Just as Hurricane Florence closes in on the Southeast, the area covered by hurricane-force winds has doubled — meaning far more people will get blasted with winds 74 mph or greater.
By late Thursday afternoon, the Carolina coasts can expect winds topping 80 mph. And that’s just the prelude to untold days of misery.
What also makes Florence extremely dangerous are the deadly storm surges, mammoth coastal flooding and historic rainfall expected far inland.
“Catastrophic effects will be felt outside the center of the storm due to storm surge as high as 9 to 13 feet. That’s the second story of a house,” North Carolina Gov. Roy Cooper said Thursday morning. “Tens of thousands of structures are expected to be flooded, and many more by rising rivers and creeks.”
And don’t be fooled by the fact that Florence has weakened slightly to a strong Category 2 hurricane. Categories only represent the speed of sustained winds, and these are still destructive.
“I don’t care if this goes down to a Category 1. We’re still going to have a Category 4 storm surge,” ” CNN meteorologist Chad Myers said.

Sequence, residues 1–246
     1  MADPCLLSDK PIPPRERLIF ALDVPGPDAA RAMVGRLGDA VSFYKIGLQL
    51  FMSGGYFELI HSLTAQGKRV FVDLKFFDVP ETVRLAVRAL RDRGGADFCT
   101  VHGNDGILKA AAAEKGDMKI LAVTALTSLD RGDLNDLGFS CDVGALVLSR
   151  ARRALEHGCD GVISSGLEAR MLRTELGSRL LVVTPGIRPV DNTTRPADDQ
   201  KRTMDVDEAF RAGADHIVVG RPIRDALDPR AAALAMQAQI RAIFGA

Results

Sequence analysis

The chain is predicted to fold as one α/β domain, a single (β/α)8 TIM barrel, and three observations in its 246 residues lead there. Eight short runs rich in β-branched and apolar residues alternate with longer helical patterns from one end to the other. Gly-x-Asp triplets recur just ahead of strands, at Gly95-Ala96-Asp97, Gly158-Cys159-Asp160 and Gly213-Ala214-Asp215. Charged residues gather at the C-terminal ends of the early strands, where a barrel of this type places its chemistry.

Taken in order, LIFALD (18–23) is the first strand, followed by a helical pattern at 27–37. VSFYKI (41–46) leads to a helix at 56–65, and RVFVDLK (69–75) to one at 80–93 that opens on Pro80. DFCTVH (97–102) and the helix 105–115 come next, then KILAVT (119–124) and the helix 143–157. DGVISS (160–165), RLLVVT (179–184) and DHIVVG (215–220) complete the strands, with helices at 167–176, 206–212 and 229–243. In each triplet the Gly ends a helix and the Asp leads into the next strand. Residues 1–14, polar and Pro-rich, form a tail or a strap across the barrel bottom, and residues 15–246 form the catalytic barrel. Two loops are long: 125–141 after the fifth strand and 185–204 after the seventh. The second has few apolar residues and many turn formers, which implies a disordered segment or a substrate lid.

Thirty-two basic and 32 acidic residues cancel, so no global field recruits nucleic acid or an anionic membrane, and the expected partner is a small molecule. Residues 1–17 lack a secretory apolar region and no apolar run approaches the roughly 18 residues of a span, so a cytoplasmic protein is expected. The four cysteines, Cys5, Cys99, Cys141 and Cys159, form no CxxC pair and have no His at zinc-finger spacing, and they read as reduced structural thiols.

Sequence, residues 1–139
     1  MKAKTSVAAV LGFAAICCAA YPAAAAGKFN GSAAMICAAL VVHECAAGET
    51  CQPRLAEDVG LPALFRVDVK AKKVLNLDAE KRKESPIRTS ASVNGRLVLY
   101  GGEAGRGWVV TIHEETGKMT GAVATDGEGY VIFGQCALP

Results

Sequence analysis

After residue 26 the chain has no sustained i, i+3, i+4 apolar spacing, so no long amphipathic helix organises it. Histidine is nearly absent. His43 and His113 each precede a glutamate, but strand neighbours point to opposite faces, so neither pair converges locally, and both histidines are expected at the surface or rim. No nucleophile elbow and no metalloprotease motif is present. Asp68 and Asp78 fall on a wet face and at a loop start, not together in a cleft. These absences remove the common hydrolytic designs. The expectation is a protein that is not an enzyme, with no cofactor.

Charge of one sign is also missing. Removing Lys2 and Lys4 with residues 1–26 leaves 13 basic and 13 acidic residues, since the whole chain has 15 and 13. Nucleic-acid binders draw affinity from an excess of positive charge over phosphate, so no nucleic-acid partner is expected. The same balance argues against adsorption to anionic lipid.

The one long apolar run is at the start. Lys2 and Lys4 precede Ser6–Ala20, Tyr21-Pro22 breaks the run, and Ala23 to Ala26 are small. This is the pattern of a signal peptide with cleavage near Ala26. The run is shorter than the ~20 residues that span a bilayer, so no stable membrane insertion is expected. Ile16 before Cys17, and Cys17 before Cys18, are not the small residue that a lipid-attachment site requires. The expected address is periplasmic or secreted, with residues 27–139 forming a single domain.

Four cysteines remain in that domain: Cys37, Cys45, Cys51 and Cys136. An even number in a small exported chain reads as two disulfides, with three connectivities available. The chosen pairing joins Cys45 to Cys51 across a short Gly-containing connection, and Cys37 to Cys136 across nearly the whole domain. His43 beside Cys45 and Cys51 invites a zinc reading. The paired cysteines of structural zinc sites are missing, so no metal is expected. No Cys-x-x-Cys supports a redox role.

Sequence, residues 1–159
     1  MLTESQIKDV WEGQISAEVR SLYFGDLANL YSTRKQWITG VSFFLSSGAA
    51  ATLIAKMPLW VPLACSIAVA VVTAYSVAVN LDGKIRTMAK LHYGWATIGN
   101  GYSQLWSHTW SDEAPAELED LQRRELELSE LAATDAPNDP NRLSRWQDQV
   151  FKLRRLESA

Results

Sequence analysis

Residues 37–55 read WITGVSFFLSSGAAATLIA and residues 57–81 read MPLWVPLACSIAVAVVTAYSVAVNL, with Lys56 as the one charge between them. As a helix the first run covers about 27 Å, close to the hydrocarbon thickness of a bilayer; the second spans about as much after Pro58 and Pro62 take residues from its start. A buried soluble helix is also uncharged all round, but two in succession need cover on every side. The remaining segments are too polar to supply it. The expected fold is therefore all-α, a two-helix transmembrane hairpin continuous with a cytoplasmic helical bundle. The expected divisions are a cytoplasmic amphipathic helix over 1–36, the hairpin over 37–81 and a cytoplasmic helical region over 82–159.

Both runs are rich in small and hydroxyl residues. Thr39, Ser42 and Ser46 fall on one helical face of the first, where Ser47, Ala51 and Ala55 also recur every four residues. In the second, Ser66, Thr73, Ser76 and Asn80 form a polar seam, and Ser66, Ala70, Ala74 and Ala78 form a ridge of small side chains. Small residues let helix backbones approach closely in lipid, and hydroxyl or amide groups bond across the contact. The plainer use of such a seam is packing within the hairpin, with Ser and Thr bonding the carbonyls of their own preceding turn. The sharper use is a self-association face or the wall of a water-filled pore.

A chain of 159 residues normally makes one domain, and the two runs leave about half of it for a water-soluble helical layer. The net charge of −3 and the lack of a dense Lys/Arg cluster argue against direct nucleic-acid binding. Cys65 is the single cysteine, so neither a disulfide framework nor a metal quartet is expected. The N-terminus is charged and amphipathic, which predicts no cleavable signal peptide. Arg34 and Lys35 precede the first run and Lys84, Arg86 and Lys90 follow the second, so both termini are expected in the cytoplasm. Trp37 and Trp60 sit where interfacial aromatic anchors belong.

Even worse: Florence is expected to hover over the Carolinas, whipping hurricane-force winds and dumping relentless rain at least through Saturday.
By the time it leaves, it’s expected to have unloaded 10 trillion gallons of rainfall in North Carolina, weather.us meteorologist Ryan Maue said. That’s enough to fill more than 15 million Olympic-size swimming pools.
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Now, many more people and houses are set to endure hurricane-force winds, which extend 80 miles out from Florence’s center.
“It’s cumulative damage,” Myers said. When fierce winds keep up for a long time, homes are “going to start to deteriorate. So will the trees. So will the power lines, as the trees fall down.”